(LosAlamosReporter) A new class of infrared-emitting quantum dots developed by a team at LANL opens a range of practical applications, including quantum communication, quantum metrology, medical imaging and diagnostics, and clandestine labeling.
“The demonstration of high single-photon purity in the infrared has immediate utility in areas such as quantum key distribution for secure communication,” said Victor Klimov, lead author of a paper published today in Nature Nanotechnology
People can’t see infrared light, but many modern technologies rely on it, from night-vision devices and remote sensing to telecommunications and biomedical imaging. Infrared light is also a big player in emerging quantum technologies that rely on the duality of light particles, or photons, which can also behave as waves. Exploiting this quantum property requires sources of “quantum light” that emit light in the form of individual quanta, or photons.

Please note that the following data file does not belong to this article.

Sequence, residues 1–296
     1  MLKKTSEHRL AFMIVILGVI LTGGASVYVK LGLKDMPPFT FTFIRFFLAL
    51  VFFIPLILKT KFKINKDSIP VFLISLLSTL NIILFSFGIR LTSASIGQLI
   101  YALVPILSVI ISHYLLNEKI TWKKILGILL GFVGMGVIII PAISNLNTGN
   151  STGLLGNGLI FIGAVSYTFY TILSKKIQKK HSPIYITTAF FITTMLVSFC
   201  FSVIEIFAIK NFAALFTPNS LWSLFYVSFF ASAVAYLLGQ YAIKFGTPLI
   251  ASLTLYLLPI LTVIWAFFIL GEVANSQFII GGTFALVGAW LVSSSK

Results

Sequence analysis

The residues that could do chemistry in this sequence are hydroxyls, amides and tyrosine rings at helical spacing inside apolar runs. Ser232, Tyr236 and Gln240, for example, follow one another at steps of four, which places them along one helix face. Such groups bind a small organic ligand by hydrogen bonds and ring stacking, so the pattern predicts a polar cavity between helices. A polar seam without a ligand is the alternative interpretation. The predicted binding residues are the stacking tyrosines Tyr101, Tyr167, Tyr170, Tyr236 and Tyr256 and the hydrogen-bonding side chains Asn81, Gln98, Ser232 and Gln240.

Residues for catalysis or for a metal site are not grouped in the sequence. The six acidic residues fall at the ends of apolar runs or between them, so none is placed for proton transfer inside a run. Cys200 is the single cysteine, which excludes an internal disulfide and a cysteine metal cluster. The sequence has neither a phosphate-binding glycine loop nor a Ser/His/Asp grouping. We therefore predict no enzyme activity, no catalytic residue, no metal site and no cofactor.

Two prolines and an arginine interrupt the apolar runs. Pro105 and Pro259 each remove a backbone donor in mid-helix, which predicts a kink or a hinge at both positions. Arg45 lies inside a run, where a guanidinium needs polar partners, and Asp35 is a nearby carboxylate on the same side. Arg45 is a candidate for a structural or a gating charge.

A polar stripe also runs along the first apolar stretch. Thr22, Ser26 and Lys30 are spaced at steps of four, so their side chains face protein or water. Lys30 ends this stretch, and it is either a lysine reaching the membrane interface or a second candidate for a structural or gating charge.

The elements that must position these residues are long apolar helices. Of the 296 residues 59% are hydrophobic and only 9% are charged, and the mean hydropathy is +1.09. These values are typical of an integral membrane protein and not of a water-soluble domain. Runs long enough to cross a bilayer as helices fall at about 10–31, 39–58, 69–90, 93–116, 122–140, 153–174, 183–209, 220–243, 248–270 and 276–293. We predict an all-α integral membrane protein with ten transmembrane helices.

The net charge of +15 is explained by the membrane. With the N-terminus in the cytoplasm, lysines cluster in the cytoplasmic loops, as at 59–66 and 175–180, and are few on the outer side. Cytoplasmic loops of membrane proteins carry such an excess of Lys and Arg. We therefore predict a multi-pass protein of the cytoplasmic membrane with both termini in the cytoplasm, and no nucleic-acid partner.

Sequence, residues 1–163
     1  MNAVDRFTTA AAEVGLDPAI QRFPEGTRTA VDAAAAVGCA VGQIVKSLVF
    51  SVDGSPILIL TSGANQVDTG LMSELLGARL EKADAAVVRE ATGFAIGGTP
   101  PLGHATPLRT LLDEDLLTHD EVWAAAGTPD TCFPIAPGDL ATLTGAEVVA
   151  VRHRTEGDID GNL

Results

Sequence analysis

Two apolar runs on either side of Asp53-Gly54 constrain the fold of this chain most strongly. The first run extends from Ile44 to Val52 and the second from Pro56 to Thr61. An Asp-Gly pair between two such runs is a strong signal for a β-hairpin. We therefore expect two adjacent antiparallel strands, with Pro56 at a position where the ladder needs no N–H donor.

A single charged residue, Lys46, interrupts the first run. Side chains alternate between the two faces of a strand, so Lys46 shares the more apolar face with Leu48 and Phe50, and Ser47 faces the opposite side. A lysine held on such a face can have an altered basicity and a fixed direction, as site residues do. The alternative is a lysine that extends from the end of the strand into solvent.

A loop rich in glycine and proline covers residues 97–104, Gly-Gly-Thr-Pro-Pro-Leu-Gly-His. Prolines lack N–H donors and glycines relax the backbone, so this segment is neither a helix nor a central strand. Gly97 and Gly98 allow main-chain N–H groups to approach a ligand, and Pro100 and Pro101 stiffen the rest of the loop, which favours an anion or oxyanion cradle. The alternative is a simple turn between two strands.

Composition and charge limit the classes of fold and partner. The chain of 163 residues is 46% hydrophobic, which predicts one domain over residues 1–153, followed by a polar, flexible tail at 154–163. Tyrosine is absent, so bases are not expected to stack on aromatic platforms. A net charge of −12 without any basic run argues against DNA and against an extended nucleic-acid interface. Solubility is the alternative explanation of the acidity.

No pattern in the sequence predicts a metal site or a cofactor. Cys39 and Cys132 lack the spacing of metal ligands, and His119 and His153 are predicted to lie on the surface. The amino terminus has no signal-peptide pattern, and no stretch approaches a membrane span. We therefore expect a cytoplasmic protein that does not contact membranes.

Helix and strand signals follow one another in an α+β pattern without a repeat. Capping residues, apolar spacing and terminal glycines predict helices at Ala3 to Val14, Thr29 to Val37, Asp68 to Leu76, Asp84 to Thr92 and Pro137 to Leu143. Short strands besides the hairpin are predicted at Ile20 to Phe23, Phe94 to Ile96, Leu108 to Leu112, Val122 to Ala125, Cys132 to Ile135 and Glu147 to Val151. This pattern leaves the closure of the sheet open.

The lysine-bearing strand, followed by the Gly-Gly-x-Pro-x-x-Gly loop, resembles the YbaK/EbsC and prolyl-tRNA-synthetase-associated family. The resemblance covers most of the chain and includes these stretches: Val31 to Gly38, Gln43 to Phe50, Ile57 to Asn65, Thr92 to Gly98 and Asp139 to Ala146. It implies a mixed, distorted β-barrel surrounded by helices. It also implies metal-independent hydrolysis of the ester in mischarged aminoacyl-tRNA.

People can’t see infrared light, but many modern technologies rely on it, from night-vision devices and remote sensing to telecommunications and biomedical imaging. Infrared light is also a big player in emerging quantum technologies that rely on the duality of light particles, or photons, which can also behave as waves. Exploiting this quantum property requires sources of “quantum light” that emit light in the form of individual quanta, or photons.
The synthetic and device part of this work were funded by the Los Alamos Laboratory Directed Research (LDRD) project “Quantum photonics with semiconductor nanocrystals.” Ultrafast spectroscopic studies were funded by the U.S. Department of Energy–Office of Basic Energy Sciences project “Photoinduced dynamics at chemically assembled quantum interfaces” within the Solar Photochemistry Program.

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